The unemployment rate was unchanged at 4.1%, which many economists now believe is below the level of full employment. The labor force participation rate is also unchanged at 62.7%, as labor levels have tightened on a variety of levels, including those on the fringes of labor markets. The household measure of employment rose by +104k, which was almost +30k higher than the prior month, despite a larger number not at work as the result of weather.

Average hourly earnings rose +0.3%, which was on par with expectations, while November earnings gains were revised down a bit. This brought the most recent year-over-year wage gains to +2.5%. Average weekly hours were unchanged at 34.5.

(0) Minutes from the December FOMC meeting offered little in terms of changes in policy opinion, but a few nuances were noted. The passage of tax reform was noted as a significant growth factor by a greater number of participants, including those who might have been more restrained in providing an opinion prior to its prospects for passage looking less clear. In keeping with this, assessments for economic growth have been revised higher, and the unemployment rate lower over the coming year or two. Inflation continues to be the wildcard, confounding participants, who continue to be wrestling with the causes for tempered levels as well as seeking catalysts for potential improvement. There was also a discussion of the treasury yield curve, in light of its recent flattening activity—a few members appeared more concerned with this than others. It still appears odds of a rate hike at the next ‘major’ meeting in March are higher than not, although a lot of data is to be released between now and then. This would bring the pace of hikes to 3 in 2018, which is about the median of economist estimates, which are generally in the 2-4 range currently.

It appears FOMC members also discussed alternative measures of determining monetary policy milestones, including something called ‘nominal GDP targeting’, which has surfaced sporadically in other meetings in recent years. Essentially, as opposed to a central bank focus on inflation targeting, which has been the traditional approach, this would call for a focus on total overall spending—which can be a byproduct of both inflation and/or economic growth. In fact, this would result in inflation being a floating indicator, and could be allowed to run higher if economic growth was especially slow, or targeted lower if economic growth was higher. Specifically, it would be done using a comparison of current overall economic growth levels relative to the longer-term trend—and adjusting policy based on the current trajectory, so could result in smoother policy in an ideal world. If growth falls below trend, for example, monetary policy would be made more accommodative, via lower rates and/or other quantitative easing measures; growth running hotter than trend would warrant tighter policy through higher rates or removal of other accommodation. A variety of policymakers and economists have been in favor of a GDP targeting, since it targets what really matters in an economy, which is nominal spending trends, as opposed to the single inflation metric, that can suffer from periodic quirks and lack of direct usefulness. Other central banks, such as the Bank of England, have also looked at the idea, so we could see more about this in the future.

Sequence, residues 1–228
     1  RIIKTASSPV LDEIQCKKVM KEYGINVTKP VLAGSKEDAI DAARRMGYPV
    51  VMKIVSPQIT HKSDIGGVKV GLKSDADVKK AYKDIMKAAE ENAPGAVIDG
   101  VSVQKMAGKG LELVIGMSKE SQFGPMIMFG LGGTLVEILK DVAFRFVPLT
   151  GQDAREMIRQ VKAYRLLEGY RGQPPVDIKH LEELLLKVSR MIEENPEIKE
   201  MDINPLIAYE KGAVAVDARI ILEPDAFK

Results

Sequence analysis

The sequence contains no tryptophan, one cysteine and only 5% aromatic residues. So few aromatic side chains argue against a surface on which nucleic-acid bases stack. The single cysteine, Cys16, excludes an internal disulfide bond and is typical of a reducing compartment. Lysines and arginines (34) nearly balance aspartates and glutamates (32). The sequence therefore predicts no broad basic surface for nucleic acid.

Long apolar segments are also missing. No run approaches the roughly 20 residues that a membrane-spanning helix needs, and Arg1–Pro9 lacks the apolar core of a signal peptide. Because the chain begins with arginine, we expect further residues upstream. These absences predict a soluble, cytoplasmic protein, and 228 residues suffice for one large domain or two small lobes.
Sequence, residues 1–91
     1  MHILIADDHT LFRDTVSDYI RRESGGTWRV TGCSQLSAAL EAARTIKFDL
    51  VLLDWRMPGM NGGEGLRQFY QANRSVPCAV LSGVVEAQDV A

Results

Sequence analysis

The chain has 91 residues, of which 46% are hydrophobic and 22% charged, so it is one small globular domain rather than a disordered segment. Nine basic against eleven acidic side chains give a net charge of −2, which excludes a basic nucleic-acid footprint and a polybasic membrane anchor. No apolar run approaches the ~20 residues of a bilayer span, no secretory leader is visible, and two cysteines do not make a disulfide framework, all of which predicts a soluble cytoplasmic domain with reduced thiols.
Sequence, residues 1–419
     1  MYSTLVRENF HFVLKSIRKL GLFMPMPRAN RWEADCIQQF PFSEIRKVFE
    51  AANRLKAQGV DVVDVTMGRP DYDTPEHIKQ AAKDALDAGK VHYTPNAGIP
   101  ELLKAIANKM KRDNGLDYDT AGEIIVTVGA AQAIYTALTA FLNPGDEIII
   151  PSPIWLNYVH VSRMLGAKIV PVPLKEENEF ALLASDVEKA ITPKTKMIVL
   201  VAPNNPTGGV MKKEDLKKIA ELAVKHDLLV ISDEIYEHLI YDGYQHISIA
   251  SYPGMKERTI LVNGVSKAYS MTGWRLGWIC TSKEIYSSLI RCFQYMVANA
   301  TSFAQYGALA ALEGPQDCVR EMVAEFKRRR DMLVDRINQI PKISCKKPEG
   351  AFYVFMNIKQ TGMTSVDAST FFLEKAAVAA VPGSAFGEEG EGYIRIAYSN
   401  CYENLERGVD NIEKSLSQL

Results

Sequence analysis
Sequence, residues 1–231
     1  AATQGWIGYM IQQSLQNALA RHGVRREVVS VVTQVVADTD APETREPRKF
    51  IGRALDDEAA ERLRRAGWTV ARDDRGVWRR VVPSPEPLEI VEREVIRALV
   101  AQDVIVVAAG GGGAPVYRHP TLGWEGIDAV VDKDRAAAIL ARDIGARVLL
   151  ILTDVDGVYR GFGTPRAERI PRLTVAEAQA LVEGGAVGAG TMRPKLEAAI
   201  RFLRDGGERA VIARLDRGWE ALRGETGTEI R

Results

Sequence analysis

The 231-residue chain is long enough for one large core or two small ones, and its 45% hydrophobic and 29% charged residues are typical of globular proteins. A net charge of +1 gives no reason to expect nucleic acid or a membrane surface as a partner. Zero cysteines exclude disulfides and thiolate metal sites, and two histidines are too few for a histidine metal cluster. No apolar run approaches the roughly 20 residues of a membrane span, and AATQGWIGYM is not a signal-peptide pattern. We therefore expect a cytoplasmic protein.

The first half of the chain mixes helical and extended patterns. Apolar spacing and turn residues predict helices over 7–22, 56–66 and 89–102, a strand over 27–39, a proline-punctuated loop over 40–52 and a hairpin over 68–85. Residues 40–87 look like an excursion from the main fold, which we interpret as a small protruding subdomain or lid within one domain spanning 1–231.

Market Notes

Period ending 1/5/2018

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U.S. stocks gained across the board sharply for the first week in 2018. The Dow Jones Industrial Average reached another round number, the 25,000 level, which naturally raises attention to the higher levels of the index and propelling investor momentum. From a sector standpoint, cyclical tech and materials led the way, while defensive utilities lost ground as interest rates rose. Interestingly, the VIX volatility index also reached a new record low during the week. It would not be surprising to see this tick back upward with deadlines on the budget and debt ceiling forthcoming over the next few weeks.